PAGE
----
For the first time, scientists have shown that infection by Covid virus changes the functioning of host cell RNA, providing clues as to how different variants can escape the immune system, and serve as a basis for the development of novel treatments.

Researchers at the Federal University of Sao Paulo (UNIFESP) in Brazil arrived at this conclusion by analyzing 13 datasets obtained during four studies of viral, human, and animal cell RNA.

The study, published in Frontiers in Cellular and Infection Microbiology, examined the epitranscriptome of Vero cells (derived from monkeys) and human Calu-3 cells by direct RNA sequencing.

An epitranscriptome is the collection of biochemical modifications of cell RNA, such as methylation.

“Our first important finding in this study was that infection by SARS-CoV-2 increases the level of m6a, a type of methylation, in host cells compared with non-infected cells,” Marcelo Briones, an author of the article, told Agencia FAPESP.

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The study was a continuation of an earlier genomic analysis published in 2021, where the researchers analyzed the methylation pattern in the SARS-CoV-2 virus.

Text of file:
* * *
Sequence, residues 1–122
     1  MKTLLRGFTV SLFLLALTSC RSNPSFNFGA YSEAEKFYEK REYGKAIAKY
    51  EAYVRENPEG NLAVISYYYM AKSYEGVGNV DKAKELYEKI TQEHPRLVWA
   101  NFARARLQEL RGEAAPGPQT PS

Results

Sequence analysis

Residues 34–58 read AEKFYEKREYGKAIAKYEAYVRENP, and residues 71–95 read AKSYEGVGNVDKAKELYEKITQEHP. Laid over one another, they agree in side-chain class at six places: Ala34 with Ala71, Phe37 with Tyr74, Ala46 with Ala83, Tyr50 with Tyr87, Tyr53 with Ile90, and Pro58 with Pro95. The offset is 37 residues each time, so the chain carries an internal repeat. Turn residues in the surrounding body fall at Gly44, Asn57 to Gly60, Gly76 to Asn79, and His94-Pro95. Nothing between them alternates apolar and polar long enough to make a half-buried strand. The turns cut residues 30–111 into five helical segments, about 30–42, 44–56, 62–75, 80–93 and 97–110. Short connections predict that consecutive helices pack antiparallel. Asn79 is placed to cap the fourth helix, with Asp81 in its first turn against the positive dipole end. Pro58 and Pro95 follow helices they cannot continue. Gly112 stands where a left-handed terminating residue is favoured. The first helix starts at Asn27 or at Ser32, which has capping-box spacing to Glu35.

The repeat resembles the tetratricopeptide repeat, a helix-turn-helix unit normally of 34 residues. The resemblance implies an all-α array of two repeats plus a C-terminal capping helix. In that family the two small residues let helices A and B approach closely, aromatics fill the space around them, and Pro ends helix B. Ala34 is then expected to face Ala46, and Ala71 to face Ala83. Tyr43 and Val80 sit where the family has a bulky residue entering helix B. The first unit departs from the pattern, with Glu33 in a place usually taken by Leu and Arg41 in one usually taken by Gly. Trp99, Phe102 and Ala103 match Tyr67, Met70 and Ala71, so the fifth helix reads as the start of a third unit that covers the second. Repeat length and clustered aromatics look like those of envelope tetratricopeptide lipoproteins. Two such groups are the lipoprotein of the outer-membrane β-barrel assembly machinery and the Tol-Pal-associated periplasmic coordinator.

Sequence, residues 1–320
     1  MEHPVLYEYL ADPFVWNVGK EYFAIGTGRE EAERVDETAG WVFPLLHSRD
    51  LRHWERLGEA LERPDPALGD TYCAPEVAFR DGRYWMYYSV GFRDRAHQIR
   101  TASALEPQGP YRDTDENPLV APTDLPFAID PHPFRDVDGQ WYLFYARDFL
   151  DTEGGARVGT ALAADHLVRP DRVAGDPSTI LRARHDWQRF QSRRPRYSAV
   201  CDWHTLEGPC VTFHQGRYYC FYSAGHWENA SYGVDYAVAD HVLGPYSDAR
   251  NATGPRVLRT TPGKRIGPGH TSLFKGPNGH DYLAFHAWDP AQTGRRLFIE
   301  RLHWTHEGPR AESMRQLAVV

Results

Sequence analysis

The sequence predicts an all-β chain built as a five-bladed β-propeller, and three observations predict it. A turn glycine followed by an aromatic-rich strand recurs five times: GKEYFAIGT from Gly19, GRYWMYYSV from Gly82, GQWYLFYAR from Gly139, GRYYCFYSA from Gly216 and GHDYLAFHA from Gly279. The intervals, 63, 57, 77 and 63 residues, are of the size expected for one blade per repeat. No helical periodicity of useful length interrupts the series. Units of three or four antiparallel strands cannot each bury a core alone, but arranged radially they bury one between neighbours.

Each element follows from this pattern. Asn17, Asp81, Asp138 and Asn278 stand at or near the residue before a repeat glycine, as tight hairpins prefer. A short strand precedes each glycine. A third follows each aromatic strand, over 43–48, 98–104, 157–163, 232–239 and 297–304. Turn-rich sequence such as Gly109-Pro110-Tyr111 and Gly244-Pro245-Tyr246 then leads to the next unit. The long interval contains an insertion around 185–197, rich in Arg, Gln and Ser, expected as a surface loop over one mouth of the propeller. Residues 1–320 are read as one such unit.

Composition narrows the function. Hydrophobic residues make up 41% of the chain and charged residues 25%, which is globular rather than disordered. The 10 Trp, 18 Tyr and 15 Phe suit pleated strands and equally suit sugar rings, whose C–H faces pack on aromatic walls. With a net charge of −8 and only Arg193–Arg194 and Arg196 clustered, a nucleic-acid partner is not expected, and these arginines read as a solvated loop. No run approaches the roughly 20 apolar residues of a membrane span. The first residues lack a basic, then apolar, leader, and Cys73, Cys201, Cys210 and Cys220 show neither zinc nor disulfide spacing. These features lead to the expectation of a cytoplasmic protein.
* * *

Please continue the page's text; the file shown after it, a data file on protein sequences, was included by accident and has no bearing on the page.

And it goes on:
“Methylation has two functions in viruses. It regulates protein expression, and it defends the virus against the action of interferon, a potent antiviral substance produced by the host organism,” Briones said.

The team also discovered that different strains of the virus displayed variations in the sequences of nitrogenous bases in their nucleotides.

“Some strains may be much more methylated than others. If so, they can proliferate better inside host cells,” Briones said.

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After completing their investigation of how SARS-CoV-2 modifies m6A in host cells, the scientists’ next step will be to analyze the stored data in search of a correlation between viral RNA methylation levels and the number of viruses released from each infected cell, known as viral burst size.

“The more methylated the viruses, the more they grow in the cell cytoplasm and the larger the burst size,” Briones explained.

The findings pave the way to novel treatments for COVID-19 and the repurposing of known drugs, the researchers noted.